Your comment on the extent of oiling off of the Swiss cheese prompted me to review what I said in my last post, where I saw that I had the order of the Swiss cheese and cheddar cheese reversed in relation to the extent of oiling off. I have now corrected that post to indicate that the cheddar cheese had the most oiling off of the three cheeses. Thank you for your comments that made me go back to my last post.
I don't work with cheeses to anywhere the degree that you do but cheeses do lose moisture with time, and especially if left uncovered at room temperature or exposed to drying room temperatures often enough. As a simple example, when I was shredding the different cheeses, there were some straggler shreds that ended up on my work surface and went unnoticed. Later, as I was cleaning up, I saw those straggler shreds and noticed that they had become brittle and would break into small fragments. All three of the cheeses I used were firm and had the same general appearance and texture, even when shredding. However, I am sure that there are a lot of variations from brand to brand and I know from reports I have read that some cheeses often do not comply with federal regulations that govern the permitted water content. The concern is that producers do not load up their products with water in order to maximize profits.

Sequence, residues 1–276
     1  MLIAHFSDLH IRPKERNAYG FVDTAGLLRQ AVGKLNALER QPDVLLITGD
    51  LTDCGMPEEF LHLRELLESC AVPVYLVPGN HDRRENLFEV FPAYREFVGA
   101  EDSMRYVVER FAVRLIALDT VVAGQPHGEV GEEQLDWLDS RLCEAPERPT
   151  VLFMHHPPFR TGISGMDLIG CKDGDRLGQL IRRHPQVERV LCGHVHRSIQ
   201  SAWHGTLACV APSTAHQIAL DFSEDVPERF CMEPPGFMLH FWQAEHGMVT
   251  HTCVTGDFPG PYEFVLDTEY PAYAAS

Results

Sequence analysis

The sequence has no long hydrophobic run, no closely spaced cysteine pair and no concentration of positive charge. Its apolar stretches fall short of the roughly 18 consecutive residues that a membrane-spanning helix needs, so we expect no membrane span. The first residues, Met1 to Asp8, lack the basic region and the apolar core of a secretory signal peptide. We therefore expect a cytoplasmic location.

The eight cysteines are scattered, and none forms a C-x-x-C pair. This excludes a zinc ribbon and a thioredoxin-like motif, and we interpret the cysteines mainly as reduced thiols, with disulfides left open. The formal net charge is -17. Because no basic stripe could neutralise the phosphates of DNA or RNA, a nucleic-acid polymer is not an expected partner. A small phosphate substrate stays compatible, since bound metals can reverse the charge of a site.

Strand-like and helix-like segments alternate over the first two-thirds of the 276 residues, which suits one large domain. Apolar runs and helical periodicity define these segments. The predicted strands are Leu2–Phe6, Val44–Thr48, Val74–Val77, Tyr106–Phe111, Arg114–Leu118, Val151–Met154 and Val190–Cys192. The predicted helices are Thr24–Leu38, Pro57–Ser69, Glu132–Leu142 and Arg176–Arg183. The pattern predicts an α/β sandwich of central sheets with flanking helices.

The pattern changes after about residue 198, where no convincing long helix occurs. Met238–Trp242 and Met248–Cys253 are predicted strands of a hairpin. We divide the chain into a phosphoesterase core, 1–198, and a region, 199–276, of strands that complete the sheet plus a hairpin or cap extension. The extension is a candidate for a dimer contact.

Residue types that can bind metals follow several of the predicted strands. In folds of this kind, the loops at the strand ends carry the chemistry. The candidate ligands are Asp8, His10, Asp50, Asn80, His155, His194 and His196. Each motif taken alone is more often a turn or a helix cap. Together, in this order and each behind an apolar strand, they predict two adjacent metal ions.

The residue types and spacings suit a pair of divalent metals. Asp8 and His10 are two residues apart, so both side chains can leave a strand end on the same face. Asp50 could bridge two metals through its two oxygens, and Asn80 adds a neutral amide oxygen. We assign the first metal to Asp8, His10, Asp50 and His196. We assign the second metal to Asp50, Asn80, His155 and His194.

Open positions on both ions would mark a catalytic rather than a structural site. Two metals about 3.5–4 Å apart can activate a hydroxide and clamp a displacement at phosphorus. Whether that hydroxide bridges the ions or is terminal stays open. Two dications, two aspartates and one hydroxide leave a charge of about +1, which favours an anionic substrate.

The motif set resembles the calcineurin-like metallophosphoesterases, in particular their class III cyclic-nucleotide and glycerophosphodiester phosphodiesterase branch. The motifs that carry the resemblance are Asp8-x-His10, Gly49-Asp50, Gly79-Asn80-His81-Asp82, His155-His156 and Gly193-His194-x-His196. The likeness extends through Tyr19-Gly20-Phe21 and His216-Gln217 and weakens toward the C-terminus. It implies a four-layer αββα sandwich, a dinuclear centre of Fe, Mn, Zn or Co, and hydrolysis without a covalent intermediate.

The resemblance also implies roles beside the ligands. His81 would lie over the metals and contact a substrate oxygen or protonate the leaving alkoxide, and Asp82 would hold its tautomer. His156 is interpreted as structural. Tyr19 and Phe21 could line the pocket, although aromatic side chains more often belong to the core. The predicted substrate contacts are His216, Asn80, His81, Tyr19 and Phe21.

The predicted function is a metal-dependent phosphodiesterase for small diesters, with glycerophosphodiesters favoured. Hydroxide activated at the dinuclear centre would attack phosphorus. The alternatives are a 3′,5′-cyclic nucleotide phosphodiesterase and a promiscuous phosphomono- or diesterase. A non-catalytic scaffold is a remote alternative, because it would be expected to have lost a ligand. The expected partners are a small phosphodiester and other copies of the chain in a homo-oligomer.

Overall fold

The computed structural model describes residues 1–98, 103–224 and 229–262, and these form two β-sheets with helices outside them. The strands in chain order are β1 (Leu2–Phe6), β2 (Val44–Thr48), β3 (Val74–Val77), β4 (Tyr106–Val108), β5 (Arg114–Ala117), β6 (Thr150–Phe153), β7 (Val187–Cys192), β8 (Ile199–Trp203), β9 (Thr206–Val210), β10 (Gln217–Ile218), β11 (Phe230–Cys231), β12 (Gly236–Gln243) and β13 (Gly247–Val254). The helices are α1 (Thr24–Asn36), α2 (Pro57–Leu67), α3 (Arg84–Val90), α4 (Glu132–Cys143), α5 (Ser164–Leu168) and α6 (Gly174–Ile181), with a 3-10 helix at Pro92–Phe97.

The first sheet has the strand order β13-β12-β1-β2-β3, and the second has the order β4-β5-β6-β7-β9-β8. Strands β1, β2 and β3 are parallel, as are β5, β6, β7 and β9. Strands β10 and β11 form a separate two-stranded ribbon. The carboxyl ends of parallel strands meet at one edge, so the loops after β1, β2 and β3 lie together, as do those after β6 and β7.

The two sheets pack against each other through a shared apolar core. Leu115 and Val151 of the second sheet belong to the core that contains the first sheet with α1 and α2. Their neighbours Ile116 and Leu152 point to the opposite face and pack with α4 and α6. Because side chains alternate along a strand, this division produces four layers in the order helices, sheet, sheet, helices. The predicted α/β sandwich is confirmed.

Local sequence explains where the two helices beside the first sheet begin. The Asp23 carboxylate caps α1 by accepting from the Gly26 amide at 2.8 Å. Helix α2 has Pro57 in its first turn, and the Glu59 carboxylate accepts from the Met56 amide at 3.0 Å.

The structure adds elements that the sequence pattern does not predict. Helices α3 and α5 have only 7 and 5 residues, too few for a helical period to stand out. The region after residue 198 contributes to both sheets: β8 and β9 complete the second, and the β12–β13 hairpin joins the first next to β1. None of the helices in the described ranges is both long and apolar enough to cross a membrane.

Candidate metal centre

Since you mentioned the whole-milk mozzarella cheese, I went to the nutritiondata.self. com website and calculated the water content of a generic whole-milk low moisture mozzarella cheese. It is 47.3%. For a generic whole-milk mozzarella cheese with higher water content, the amount of water is 50%.